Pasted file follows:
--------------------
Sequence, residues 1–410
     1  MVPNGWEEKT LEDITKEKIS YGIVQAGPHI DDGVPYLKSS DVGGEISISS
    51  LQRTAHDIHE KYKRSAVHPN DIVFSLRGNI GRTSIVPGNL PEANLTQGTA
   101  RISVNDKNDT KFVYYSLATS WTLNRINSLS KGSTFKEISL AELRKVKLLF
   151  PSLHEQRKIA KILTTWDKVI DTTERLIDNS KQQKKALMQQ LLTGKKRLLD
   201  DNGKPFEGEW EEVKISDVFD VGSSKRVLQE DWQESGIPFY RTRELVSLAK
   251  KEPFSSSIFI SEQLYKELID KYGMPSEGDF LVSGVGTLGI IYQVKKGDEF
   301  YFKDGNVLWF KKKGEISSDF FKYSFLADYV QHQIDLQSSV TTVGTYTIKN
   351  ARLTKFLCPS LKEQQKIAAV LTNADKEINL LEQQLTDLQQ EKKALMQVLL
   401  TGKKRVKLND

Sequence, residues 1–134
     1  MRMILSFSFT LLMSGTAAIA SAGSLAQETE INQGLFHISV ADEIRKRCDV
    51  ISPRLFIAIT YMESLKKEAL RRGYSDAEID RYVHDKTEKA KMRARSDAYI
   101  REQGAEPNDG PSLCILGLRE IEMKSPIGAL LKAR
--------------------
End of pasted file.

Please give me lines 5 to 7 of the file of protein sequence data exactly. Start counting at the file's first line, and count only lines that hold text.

   151  PSLHEQRKIA KILTTWDKVI DTTERLIDNS KQQKKALMQQ LLTGKKRLLD
   201  DNGKPFEGEW EEVKISDVFD VGSSKRVLQE DWQESGIPFY RTRELVSLAK
   251  KEPFSSSIFI SEQLYKELID KYGMPSEGDF LVSGVGTLGI IYQVKKGDEF